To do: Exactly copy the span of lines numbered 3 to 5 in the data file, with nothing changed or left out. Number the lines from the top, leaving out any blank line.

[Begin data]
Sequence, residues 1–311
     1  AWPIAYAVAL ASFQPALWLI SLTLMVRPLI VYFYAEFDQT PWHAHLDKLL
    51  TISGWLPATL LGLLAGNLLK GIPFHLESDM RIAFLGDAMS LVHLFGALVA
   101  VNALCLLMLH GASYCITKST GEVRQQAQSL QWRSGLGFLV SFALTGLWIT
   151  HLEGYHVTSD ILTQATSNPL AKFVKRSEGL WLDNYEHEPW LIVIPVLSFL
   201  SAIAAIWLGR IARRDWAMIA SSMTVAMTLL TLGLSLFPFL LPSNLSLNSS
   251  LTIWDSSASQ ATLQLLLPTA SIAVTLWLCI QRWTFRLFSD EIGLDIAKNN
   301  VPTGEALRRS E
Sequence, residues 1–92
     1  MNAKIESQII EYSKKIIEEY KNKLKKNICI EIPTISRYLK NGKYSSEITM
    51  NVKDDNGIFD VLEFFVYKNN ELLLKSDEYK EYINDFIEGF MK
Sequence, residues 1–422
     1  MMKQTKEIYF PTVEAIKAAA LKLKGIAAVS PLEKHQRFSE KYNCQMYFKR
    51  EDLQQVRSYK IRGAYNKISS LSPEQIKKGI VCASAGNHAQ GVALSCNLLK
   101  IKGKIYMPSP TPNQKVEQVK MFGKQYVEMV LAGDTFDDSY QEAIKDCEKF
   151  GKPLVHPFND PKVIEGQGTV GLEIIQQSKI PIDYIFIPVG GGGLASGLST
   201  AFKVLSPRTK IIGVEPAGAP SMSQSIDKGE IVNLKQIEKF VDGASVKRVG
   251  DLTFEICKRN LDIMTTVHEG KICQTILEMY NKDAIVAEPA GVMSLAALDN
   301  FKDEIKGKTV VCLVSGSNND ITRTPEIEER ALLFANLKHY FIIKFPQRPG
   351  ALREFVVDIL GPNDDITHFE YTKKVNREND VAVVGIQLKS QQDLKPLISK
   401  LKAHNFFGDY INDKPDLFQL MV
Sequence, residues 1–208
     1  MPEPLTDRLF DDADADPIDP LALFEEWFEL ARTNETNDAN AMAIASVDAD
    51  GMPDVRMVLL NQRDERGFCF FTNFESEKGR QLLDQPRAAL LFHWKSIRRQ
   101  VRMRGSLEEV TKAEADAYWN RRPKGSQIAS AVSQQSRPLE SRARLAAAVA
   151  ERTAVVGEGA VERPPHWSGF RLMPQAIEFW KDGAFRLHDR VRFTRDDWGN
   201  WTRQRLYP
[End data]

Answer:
    51  TISGWLPATL LGLLAGNLLK GIPFHLESDM RIAFLGDAMS LVHLFGALVA
   101  VNALCLLMLH GASYCITKST GEVRQQAQSL QWRSGLGFLV SFALTGLWIT
   151  HLEGYHVTSD ILTQATSNPL AKFVKRSEGL WLDNYEHEPW LIVIPVLSFL